The few cases in this jurisdiction relating to the matter support our construction. In Duffy v. State, 151 Md. 456, cited in Midgett, instruction to the jury as to the form of their verdict was given out of the presence of the defendant. The court reversed the judgment. It quoted with approval State v. Shutzler, 82 Wash. 367, at 475: "Since it is the right of the accused to be present at every stage of the trial when his substantial rights may be affected, it is no answer to say that in the particular proceeding nothing was done which might not lawfully have been done had he been personally present." The lower court certified that the instructions, given in the absence of the accused, were the same as those given in his presence, but it appeared to the Court of Appeals "that the jury did not understand the instructions given in his presence, or they would not have asked for further instructions." Noting that what the further instructions were, or what was written on the memorandum which guided the foreman in announcing the verdicts did not appear in the record, the Court said, at 476:*392 "It may be that it was a mere form of verdict and that it did not injure the defendant, but in dealing with an absolute constitutional right, the citizen ought not to be at the mercy of speculation as to whether the violation of it did or did not injure him. Since the jury did not understand the instructions as first given, it may have been that the prisoner, if present, when they were instructed a second time, would have asked that they be made clearer, or he may have objected to their form. * * * If we held that under such circumstances he had no right to be present, it is not easy to say under what circumstances his presence would be essential."
It held:"[T]he instruction of the jury as to the form of their verdict was a part of the trial, and in giving it during the involuntary absence of the prisoner, while he was in the custody of the police, the court erred, and injury must be attributed to that error."
In LaGuardia v. State, 190 Md. 450, cited in Midgett, it was contended that one of the trial judges committed error when he sent a communication to the jury during the course of their deliberations at a joint trial of three defendants for rape. Only two of the defendants appealed. The Court said, at 458:"We hold that if the record shows affirmatively that the appellant was prejudiced by an improper communication of the judge with the jury, there is reversible error; and also that if the record shows error by such communication, but does not show whether or not the error was prejudicial, it is presumed to be prejudicial and requires a reversal. On the other hand, if the record shows affirmatively that the communication had no `tendency to influence the verdict' the judge's impropriety in communicating with the jury out of the presence of the defendant does not require a reversal." (citations omitted)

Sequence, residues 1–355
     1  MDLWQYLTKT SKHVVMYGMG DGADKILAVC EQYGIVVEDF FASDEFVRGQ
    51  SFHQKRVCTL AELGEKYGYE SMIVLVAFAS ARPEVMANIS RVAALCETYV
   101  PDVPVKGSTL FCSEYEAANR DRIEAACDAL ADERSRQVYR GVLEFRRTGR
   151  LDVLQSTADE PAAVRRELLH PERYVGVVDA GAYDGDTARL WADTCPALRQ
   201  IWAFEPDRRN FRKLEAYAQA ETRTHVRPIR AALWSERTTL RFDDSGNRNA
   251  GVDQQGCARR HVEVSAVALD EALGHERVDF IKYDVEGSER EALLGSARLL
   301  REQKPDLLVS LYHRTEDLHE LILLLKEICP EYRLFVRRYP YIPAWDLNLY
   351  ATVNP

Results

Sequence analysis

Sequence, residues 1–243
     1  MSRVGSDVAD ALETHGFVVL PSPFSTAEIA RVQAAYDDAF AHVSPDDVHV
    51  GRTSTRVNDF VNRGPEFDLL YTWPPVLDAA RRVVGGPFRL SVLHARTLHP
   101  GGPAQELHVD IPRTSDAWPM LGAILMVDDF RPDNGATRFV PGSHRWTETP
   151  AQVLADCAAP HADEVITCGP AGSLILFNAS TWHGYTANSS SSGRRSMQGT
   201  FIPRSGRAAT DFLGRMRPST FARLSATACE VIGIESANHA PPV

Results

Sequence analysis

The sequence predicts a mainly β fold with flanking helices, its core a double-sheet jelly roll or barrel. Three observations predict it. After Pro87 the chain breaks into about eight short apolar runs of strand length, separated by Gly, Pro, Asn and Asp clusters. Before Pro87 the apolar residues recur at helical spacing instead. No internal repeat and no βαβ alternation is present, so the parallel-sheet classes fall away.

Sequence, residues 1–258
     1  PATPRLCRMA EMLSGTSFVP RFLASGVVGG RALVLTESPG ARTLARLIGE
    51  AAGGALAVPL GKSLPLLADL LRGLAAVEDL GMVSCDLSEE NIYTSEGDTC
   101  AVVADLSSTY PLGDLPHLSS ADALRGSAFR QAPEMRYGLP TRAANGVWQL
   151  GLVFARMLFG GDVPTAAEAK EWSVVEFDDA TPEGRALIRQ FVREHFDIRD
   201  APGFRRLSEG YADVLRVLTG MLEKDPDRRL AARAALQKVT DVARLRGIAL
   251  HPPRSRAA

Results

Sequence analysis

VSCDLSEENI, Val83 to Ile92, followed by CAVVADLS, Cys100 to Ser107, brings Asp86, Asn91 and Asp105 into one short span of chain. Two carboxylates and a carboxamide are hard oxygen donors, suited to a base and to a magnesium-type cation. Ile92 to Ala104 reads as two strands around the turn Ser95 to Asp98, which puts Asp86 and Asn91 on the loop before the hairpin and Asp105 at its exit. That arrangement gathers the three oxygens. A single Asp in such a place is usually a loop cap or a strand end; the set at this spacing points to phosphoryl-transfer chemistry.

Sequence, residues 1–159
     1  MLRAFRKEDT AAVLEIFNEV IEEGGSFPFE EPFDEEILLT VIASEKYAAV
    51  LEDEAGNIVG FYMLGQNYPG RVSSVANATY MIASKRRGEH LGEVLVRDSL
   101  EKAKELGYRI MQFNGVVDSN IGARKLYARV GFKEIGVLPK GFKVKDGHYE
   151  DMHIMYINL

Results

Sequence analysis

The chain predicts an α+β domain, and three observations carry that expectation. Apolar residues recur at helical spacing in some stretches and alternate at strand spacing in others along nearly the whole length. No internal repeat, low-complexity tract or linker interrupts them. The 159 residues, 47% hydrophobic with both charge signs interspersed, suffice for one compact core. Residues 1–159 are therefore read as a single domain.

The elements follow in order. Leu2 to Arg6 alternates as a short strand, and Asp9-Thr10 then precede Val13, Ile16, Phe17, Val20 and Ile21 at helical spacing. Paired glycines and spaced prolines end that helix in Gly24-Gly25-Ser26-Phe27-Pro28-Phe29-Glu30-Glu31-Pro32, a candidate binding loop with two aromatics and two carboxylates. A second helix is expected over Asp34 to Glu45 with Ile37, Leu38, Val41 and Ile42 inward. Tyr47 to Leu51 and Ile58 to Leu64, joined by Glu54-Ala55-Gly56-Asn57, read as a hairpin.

*393 The jury had been instructed before they retired for their deliberations that they had the right in their discretion to make any recommendation of mercy which they desired to make if they found the defendants guilty on any of the counts in the indictment. During their deliberations they sent a message to the court inquiring whether less than twelve jurors could recommend mercy for one of the defendants. The judge sent them a reply, with the defendants not present, that less than twelve could recommend mercy. Less than a majority did recommend mercy for the defendant who did not appeal. No juror made any recommendation concerning either of the defendants who appealed. The Court found that in these circumstances the communication could not have caused the defendants who appealed any prejudice. "It had no direct relation to the verdict whatsoever and no possible indirect constraining relation." It thus distinguished the case from Duffy v. State, supra. As the communication was not on the law or the facts and was found to be not on the form of the verdict, it was not an instruction and the presence of the defendants was not required. We think it significant that the Court said that as the case was distinguishable from Duffy, "it is not necessary * * * to consider what exceptions, if any, there are to the general rule stated in that case, which was based upon the flagrant violation of constitutional rights * * *." (emphasis supplied) In Brown v. State, 236 Md. 505, it was contended that Md. Rule 775 was violated by the trial judge when an attempt was made by two jurors to communicate with him privately with regard to the case. They went separately to his chambers indicating a desire to submit a question for answers. The judge requested them to wait until the resumption of trial the following morning when they could put the questions in writing, hand them to the bailiff, and the judge would call counsel to the bench. The audience *394 with the judge was thus summarily terminated. It is obvious that this was merely a "communication," as we construe it, not made during a stage of the trial. As the Court found that actions of the judge under the circumstances were prudent and not prejudicial to the defendant, there was no reversible error.